When a man recognizes he is worthy of healing

then he may gradually give himself over to real love.




Over the years, Erick Mertz 's work has appeared in numerous publications, from Stringtown to Fireweed: Poetry of Western Oregon to Ink Pot Press to The Vermillion Literary Project.  He has placed work in La Palabra Café’s The Cereal Vox project and in a recent issue of Pedestal magazine.  His work has also garnered a 2004 Kay Snow Award for poetry from the Willamette Writer’s organization. Forthcoming is a chap book, entitled Semi-Urban Cartography, from Semi-Urban Press and an untitled novel about social work.  Short film projects, Old Tom and Closing Time, are ready to embark on their round through the festival circuit.












Drifting Out of My Body in the Dark

Somewhere Near Astoria, Oregon



Reds and yellows ghost the river bridge

as stars fade and I slowly cast, waiting for a strike.

Under ancient Sitka spruce

a headlamp shows my boots in a net

and this reminds me of the boot owner’s

tiny human gill slits

in the womb when all of these salmon

were his brothers and sisters.


When he eats them, they become him

and, like their river fire, his striving

at any cost

to get back home.



A 2013 Artsmith Fellow on Orcas Island, Scott T. Starbuck feels destruction of Earth's ecosystems is closely related to spiritual illness and widespread urban destruction of human consciousness.  He says The National Poetry Series accepting support from Exxon is like God asking Satan if he can spare some change for the cause. Starbuck's newest chapbook The Other History, or unreported and underreported issues, scenes, and events of the 19th, 20th, and 21 centuries  was published by FutureCycle Press in 2013, and he recently guest blogged about eco-poetry at South 85 Literary Journal Blog and poet Miriam Sagan's blog Miriam's Well: Poetry, Land Art, and Beyond  Starbuck blogs about environmental issues, fishing, and poetry in the Pacific Northwest at










We’re happy to end our issue with ARE YOU HAPPY.

Joan’s chapbook PRO FORMA was the runner-up for the 2014 Turtle Island Poetry Award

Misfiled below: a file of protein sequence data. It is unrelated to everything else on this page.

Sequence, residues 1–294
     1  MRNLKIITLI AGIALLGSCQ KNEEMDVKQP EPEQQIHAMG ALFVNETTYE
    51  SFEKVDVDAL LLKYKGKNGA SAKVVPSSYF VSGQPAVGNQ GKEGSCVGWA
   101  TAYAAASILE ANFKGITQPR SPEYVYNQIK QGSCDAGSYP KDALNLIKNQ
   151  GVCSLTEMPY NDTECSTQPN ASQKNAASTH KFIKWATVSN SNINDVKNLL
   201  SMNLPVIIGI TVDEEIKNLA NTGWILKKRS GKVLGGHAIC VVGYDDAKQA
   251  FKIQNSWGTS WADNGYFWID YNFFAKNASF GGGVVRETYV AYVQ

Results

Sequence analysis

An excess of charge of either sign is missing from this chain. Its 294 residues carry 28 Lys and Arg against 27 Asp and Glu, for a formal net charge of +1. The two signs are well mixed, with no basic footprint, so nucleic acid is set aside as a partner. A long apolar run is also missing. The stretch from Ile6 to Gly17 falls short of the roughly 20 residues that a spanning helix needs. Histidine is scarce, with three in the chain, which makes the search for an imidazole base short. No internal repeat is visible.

and was chosen for the 2014 Turtle Island Quarterly’s Editor’s Choice Award.

It will be published by FootHills Publishing in 2014.







He wrote pursuit, knowing

It can be the chase that counts.

The wolf pack bringing down the old elk,

Gorging; they must be happy

Or at least fulfilled. To be happy

Is conjecture; contentment suffices for most

Though it can hobble the way a horse

In a field of fine clover

Doesn’t struggle against its thongs.


Happiness, my father said, involved accomplishment.

The sort of striving Jefferson must

Have had in mind as he deliberated before

Adding the amplifying noun.


Walking into a July morning,

The air full of birdcalls, one perched

On the rim of the birdbath shaking its feathers,

In the distance a dog barking

And everywhere the blossoms opening,

And as I pause a moment, sunlight

In my hair, on my body, warming the day,

For that instant, that perishing instant,

I am happy.



Joan Colby has published widely in journals such as Poetry, Atlanta Review, South Dakota Review, The Spoon River Poetry Review, New York Quarterly, the new renaissance, Grand Street, Epoch, and Prairie Schooner.. Awards include two Illinois Arts Council Literary Awards, Rhino Poetry Award, the new renaissance Award for Poetry, and an Illinois Arts Council Fellowship in Literature. She was a finalist in the GSU Poetry Contest (2007), Nimrod International Pablo Neruda Prize (2009, 2012), and received honorable mentions in the North American Review's James Hearst Poetry Contest (2008, 2010).One of her poems is a winner of the 2014 Atlanta Review International Poetry Contest. She is the editor of Illinois Racing News,and lives on a small horse farm in Northern Illinois. She has published 14 books including  Selected Poems” from FutureCycle Press .”Selected Poems” received the 2013 FutureCycle Prize.  “Properties of Matter” ,Aldrich Press (Kelsay Books).;  “Bittersweet” (Main Street Rag Press) and The Wingback Chair, FutureCycle Press.” Colby is also an associate editor of Kentucky Review and FutureCycle Press.